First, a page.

Monday, May 18, 2015

Blogging through Hell (pt 12) - Walking Among Devils & Hypocrites

After leaving behind the fortune tellers, and the unjust sorrow at their fate, Dante and Virgil cross the next arch into the fifth bolgia of the Eighth Circle. This bolgia, as Dante sees from the top of the archway, is filled with boiling pitch, but which appears empty. Dante, staring intently at the pitch in an attempt to discern who is being punished here, is pulled back by Virgil as a devil comes speeding towards them. The devil, one of the malebranche (evil-claws) who guard this bolgia, speeds past our pilgrims on a mission to dunk one of the sinners who dared surface from under the pitch. The sinners here punished are the grafters, government officials who took bribes, i.e. men who subverted justice, who defrauded their fellow citizens, for coin.

An image of bribery from Eighteenth Century England

The malebranche, both terrifying and humorous, in an off-color manner, soar about the tarpit with pitchforks in hand looking to skewer any sinner that dares to show his flesh. One poor soul, from Lucca, does just that and meets with both the devils' hooks and their humor as they compare the sinner's attempt to float on the pitch to the Santo Volto ("Holy Face," an important devotional crucifix, said to have been craved by Nicodemus, in Lucca) and remind him, while pulling him apart, that swimming in Hell isn't like swimming in the Serchio (the primary river near Lucca).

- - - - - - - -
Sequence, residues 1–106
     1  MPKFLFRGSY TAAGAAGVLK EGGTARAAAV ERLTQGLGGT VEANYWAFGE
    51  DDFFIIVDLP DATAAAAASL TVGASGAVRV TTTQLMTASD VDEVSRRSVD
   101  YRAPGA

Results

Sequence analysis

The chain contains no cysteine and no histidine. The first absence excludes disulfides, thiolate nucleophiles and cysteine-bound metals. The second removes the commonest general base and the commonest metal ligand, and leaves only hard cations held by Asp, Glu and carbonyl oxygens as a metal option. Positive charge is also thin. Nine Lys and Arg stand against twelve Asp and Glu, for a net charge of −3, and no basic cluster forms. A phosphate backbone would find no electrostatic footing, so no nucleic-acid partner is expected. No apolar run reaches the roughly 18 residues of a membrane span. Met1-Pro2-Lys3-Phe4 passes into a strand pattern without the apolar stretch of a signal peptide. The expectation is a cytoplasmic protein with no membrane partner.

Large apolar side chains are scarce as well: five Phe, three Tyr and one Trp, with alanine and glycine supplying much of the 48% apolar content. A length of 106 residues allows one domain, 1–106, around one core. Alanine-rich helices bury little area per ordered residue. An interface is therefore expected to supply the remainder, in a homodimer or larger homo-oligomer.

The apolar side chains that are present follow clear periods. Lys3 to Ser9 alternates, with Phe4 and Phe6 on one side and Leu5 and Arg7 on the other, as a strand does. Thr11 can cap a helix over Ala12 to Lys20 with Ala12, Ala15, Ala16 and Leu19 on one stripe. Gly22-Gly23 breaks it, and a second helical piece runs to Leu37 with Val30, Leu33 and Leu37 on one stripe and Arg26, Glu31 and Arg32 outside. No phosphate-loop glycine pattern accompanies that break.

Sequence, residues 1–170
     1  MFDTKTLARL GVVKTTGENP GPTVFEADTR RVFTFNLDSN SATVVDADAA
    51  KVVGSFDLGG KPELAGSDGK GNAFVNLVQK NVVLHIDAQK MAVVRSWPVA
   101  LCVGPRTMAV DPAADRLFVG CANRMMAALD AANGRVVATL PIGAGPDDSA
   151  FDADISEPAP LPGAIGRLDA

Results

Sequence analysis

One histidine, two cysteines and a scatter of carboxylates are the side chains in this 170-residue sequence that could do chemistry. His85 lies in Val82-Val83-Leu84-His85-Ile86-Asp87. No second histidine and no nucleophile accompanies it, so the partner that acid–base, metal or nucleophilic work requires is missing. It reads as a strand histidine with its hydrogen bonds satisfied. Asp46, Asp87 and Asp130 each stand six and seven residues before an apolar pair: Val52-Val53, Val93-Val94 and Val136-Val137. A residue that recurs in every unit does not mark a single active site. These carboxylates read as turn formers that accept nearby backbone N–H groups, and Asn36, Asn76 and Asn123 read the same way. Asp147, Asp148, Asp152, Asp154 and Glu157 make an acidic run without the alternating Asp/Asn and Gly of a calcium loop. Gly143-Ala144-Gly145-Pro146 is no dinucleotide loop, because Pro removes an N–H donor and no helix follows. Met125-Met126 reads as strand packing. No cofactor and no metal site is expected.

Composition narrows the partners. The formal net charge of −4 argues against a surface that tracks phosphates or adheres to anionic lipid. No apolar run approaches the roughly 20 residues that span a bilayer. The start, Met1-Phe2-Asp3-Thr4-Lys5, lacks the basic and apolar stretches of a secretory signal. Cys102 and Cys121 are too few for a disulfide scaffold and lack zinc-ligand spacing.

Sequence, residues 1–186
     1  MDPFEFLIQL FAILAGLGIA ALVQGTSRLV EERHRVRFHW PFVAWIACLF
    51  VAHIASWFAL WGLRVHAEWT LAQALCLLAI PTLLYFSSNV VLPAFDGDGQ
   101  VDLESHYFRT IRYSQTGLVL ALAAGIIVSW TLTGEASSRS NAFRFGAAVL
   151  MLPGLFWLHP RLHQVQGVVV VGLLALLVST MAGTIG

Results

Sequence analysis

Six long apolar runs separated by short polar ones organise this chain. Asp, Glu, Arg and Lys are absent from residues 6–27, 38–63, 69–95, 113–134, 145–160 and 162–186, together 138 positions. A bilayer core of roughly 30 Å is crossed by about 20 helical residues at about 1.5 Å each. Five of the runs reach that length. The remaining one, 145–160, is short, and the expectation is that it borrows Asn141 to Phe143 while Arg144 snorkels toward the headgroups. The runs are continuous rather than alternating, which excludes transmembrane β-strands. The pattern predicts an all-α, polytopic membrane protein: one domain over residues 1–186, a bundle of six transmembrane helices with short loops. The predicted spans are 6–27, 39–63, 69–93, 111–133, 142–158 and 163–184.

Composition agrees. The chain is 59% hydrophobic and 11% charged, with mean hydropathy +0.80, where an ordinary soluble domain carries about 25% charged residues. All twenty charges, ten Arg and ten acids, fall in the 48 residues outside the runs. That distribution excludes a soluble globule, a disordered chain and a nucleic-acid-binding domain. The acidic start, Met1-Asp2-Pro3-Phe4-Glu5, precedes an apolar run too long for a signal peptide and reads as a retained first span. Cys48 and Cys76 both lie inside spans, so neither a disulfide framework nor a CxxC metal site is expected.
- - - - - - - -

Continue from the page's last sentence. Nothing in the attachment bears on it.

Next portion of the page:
Santo Volto of Lucca
As the devils finish with the grafter from Lucca, Virgil steps out of the shadows to confront them. Malacoda, the leader of this group of devils, flies at Virgil, ready to thrust his pitchfork into Dante's guide, but is brought low, as so many of Hell's demons have been, by a mere mention of the Divine protection Dante's journey enjoys,
... his arrogance so humbled in him,
That he let fall his grapnel at his feet,
And to the others said: "Now strike him not." (XXI:85-88)
 The devils explain that the arch-bridge over this bolgia was destroyed, "yesterday, five hours later than this hour, / One thousand and two hundred sixty-six / Years"(XXI:112-114) ago by the Harrowing of Hell, which also destroyed the entrance gate to Hell and created the rockslide on which we met the Minotaur. As each bolgia has several bridges across it, Dante and Virgil must content themselves with following the devils to the next crossing, which Malacoda reveals is still intact (remember Virgil last passed through here before the Harrowing of Hell, before the bridge was destroyed). Dante, none too enthused with his new traveling companions, sidles up next to Virgil as Malacoda "made a trumpet of his rump" (XXI:139), as the signal to set off.